Evaluation of internal temperature of oysters following standard thermal process recipes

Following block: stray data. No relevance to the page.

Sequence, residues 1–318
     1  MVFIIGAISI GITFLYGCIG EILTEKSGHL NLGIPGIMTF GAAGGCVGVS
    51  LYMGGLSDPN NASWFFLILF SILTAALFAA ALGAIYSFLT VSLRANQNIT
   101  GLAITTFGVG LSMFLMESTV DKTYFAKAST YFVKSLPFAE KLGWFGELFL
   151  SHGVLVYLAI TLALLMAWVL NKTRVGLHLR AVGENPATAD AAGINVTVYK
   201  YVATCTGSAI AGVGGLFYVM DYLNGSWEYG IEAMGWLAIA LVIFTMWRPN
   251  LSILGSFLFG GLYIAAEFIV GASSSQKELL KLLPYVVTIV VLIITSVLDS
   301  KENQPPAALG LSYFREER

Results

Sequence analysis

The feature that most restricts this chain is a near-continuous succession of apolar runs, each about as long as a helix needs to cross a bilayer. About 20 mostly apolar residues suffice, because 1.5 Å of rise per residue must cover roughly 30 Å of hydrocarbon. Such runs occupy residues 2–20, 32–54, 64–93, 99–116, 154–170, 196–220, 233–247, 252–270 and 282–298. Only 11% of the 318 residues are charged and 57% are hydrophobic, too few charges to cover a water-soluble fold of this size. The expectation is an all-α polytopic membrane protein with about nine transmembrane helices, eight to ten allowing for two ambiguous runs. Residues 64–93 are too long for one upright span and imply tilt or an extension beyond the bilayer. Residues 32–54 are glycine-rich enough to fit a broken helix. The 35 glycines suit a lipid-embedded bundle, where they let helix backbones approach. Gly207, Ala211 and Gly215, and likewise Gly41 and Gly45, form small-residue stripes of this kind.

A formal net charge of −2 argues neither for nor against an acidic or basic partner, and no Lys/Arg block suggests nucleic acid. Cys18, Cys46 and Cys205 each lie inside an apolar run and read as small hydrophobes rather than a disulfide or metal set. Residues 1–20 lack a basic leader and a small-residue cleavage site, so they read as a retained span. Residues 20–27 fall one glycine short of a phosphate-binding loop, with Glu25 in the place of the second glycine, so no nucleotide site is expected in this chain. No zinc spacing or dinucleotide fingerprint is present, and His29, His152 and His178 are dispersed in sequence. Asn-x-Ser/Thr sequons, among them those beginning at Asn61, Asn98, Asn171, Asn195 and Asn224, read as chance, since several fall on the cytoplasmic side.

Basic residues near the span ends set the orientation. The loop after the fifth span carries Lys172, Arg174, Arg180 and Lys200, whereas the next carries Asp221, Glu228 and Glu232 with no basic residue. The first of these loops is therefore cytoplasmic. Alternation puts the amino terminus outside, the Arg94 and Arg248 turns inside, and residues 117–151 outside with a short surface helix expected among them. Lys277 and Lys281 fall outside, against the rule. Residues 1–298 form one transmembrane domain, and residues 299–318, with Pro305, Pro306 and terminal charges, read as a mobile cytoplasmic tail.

Background & Purpose: The seasonal demand for shellfish such as oysters is on the rise. Shellfish are nutritious foods that may be enjoyed in a variety of ways, from slurping raw oysters to cooking oysters by means of boiling, steaming, pan frying and baking. Most consumers of oysters are aware of potential food safety issues with shellfish. Raw or undercooked shellfish can carry bacteria, viruses and toxins, potentially resulting in foodborne illness. Past outbreaks associated with the consumption of raw and undercooked oysters, prompted the British Columbia Centre for Disease Control (BCCDC) to develop guidelines for those preparing, cooking and consuming shellfish. The recommended cooking temperature and time from the guideline was compared with the temperature and time of standard cooking methods from the Fanny Bay Oyster Market restaurant. The purpose of this project was to determine whether standard cooking methods from restaurants attain the guideline’s recommended 90oC for 90 seconds. Method: Four common cooking methods of Oysters were chosen based on recommendation from Chef Chris Andraza and BCCDC researcher Lorraine McIntyre. Oysters were pan fried, deep fried, baked and grilled. Internal temperatures of cooked oysters were then measured with a probe thermometer. Results for each method were analyzed and compared with the standard of 90oC using the one sample t-test from the statistical software package, NCSS11. Results: One sample t-tests showed statistically differences from the deep fried, baked and grilled methods when compared to the standard of 90oC (p = 0.000). The power for all three methods was 100%, therefore there is confidence that the findings reflect the truth. Experimental temperatures were consistently less than the standard. The pan fried method showed no statistically significant difference when compared to the standard of 90oC (p = 135). The power for pan fried method was 29.2%, therefore there is limited confidence that the findings reflect the truth. Therefore the deep fried, baked and grilled methods required additional cooking time to raise internal temperatures of the oysters. Whereas the pan fried method had achieved the standard but further experimentation is required to eliminate the chance of a type II error. Conclusion: It can be concluded that three out of the four cooking methods (deep fried, baked and grilled) can have significantly different mean temperatures. However, different thermal preparation methods prior to final thermal processing requires consideration to determine cooked oyster consumption safety. One out of the four cooking methods (pan fried) attained the standard temperature 90oC. Therefore, it is recommended for deep fried, baked and grilled cooking methods that the cooking time be extended to achieve an internal temperature of 90oC or higher., Peer reviewed, Peer-reviewed article, Published., Project submitted in partial fulfillment of the requirement for the degree of Bachelor of Technology in Environmental Health, British Columbia Institute of Technology, 2018., Cooked Oyster, Temperature, Recipes, Restaurant